Alone, still

The man woke again groggily, with no way to guess how long he laid on the floor in a crumpled heap. He felt a knot on the side of his head where it must of hit the hard tile. Lucky, in a way, that he’d had such a throbbing headache to begin with; at least cracking his skull on the ground couldn’t make it any worse. The man gingerly pushed himself into a sitting position.

Night had apparently fallen while he was out, leaving him in almost total darkness. Looking up over the bed, he saw a breathtaking number of stars twinkling in a clear sky, providing pretty much the only light in the room. Moonlight would have been a welcome addition, but was missing, sadly, from his small view of the world outside.

He paused, listening carefully for any sound or vibration that could mean another person was within earshot. The air was quiet and deathly still. He tried shouting, “Hello? Help!” It was barely even a croak.

His turned his attention back to the closest lab table and its prized faucet above. At least it seemed closer from down here, somehow. He tried to pull himself up onto knees, but his legs were weak, and moved much more slowly than he thought they should. With a sigh, he conceded the idea of crawling on hands and knees, and sank back down to chest. Shifting elbows and shoulders, he moved forward, like an infant army-crawling for the first time.

Moments later, after what seemed hours of snaking across the floor, the gaunt man reached the base of the table, gasping for breath. He stopped to rest, trying to keep from wheezing. This was going to be quite a trick; the goal, yet, was several feet above him.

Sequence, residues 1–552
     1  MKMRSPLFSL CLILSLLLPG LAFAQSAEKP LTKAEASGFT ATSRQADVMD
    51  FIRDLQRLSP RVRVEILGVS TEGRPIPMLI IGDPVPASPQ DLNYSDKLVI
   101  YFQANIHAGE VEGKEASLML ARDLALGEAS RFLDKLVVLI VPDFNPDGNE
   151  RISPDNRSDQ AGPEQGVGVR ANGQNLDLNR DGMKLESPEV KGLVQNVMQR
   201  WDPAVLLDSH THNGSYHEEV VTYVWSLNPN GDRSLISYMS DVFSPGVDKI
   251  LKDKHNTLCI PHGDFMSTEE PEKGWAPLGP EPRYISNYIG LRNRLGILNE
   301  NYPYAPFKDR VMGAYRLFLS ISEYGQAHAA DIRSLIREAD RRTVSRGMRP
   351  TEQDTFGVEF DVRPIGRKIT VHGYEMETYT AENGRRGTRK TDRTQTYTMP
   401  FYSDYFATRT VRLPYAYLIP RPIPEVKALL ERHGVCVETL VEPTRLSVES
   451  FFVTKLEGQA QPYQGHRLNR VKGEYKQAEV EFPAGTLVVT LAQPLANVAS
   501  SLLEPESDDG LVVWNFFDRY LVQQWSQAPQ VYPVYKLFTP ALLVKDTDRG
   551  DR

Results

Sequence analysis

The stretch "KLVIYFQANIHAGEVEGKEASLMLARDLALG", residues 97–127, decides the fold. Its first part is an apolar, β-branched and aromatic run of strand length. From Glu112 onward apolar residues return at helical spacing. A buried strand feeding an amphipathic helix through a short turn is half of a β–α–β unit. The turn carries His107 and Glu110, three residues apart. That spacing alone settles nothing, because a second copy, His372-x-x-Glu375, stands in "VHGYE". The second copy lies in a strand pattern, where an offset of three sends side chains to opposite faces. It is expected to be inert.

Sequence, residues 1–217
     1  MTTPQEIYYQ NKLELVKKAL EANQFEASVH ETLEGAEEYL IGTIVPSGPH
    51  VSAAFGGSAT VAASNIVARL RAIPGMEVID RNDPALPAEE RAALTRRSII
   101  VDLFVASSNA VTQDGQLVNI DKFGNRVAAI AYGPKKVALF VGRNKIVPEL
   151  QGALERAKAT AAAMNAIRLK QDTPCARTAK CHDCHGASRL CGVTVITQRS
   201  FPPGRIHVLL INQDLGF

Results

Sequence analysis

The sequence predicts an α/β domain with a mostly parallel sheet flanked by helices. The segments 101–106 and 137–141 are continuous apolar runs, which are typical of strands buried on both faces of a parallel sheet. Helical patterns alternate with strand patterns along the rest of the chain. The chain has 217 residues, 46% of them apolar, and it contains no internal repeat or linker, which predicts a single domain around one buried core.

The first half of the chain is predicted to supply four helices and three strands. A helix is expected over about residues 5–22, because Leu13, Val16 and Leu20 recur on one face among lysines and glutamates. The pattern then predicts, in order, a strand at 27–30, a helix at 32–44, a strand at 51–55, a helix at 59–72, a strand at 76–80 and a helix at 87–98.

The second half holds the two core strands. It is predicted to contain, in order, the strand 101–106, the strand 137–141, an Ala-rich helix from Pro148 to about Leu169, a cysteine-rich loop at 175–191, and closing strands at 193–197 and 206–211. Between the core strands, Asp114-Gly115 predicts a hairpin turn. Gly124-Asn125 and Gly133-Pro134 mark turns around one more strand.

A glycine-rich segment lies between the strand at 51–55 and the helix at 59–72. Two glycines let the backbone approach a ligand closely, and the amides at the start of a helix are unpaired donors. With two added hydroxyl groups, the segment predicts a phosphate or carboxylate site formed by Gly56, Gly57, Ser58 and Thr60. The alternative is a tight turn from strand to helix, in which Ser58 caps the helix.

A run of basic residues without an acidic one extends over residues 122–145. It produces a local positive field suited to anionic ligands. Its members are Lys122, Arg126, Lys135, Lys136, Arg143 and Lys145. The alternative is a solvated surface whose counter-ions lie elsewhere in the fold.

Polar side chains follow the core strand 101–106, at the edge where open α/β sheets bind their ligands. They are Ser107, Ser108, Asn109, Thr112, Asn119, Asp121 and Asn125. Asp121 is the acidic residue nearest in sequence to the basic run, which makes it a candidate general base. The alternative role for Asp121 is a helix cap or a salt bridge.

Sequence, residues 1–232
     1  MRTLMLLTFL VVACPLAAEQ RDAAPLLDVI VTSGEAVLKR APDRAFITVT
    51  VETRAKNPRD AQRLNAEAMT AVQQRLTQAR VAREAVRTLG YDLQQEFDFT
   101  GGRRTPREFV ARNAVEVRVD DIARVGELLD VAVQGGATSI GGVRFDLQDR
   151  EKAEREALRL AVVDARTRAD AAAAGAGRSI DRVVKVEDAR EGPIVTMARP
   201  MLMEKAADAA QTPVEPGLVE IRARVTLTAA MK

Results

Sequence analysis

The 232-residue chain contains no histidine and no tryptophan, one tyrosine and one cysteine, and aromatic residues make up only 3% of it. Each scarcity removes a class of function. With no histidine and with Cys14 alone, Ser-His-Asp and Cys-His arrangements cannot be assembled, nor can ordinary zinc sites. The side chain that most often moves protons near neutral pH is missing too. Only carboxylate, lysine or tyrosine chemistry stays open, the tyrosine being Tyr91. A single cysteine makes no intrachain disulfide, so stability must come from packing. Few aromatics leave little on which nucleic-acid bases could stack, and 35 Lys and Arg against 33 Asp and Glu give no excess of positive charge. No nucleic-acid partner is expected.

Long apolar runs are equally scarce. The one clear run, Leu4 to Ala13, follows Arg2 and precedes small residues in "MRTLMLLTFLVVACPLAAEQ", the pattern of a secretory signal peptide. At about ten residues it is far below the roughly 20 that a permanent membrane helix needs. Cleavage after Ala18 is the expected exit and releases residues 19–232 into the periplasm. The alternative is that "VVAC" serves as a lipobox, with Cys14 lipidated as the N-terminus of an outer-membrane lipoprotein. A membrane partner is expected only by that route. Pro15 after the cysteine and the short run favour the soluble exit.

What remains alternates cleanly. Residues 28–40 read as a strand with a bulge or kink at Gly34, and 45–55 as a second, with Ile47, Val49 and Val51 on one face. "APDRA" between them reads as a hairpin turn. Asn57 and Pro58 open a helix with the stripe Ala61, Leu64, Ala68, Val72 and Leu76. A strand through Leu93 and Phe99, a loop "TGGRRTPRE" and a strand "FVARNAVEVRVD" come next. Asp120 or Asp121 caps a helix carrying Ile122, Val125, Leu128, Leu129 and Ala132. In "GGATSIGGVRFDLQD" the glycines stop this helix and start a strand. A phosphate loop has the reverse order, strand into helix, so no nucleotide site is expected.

Seeing no alternative, he pulled up again into a sitting position, waiting to reclaim every ounce of strength he could muster. Finally, the thirst overwhelming, he reached his hands over his head and grabbed the edge of the shiny black table top. With a grunt, he heaved himself up onto his knees, pushing from below with what little support his weak legs offered.

One step closer, the top of the table and dull silver goose-neck at eye-level.

Now, for the hardest part. He spread his elbows to obtain leverage, his forearms flat on the table, and closed his eyes. Inhale, exhale, inhale, exhale, inhale. Power coiled in his elbows, forearms, and shoulders, and he released it with his next breath, visualizing a mechanical spring. He rose from the floor, his feet coming up underneath him for support. Finally, he leaned awkwardly over the table, resting on a base made with his arms and chest.

Elation washed over him.

His fingers touched the flat metal lever engraved with a “C” and he pushed down. A moment of panic when it refused to yield, but finally it did, grudgingly. First, nothing. Then, a hollow rattle in the pipes below. Finally, a few desperate sputters of warm water splashed on his arm before resolving into a steady stream of clear liquid.

He leaned forward and drank deeply, selfishly. The water was stale and tasted of minerals, but his body ached for every drop. He eyed the rivulets falling into the dark drain below with a mixture of disgust and envy. Eventually, having conquered the tremendous thirst, he turned the lever the opposite way, and the flow of water was reduced from a stream to a trickle, and then just drops at regular intervals.

He held himself over the sink, catching his breath again, feeling the cool weight of the water slosh in his belly. It had a been a mistake to drink so much, so quickly, and he retched most of it back into sink.

“Well, well. Among the living, are we?” a cool voice said from the room’s only door.

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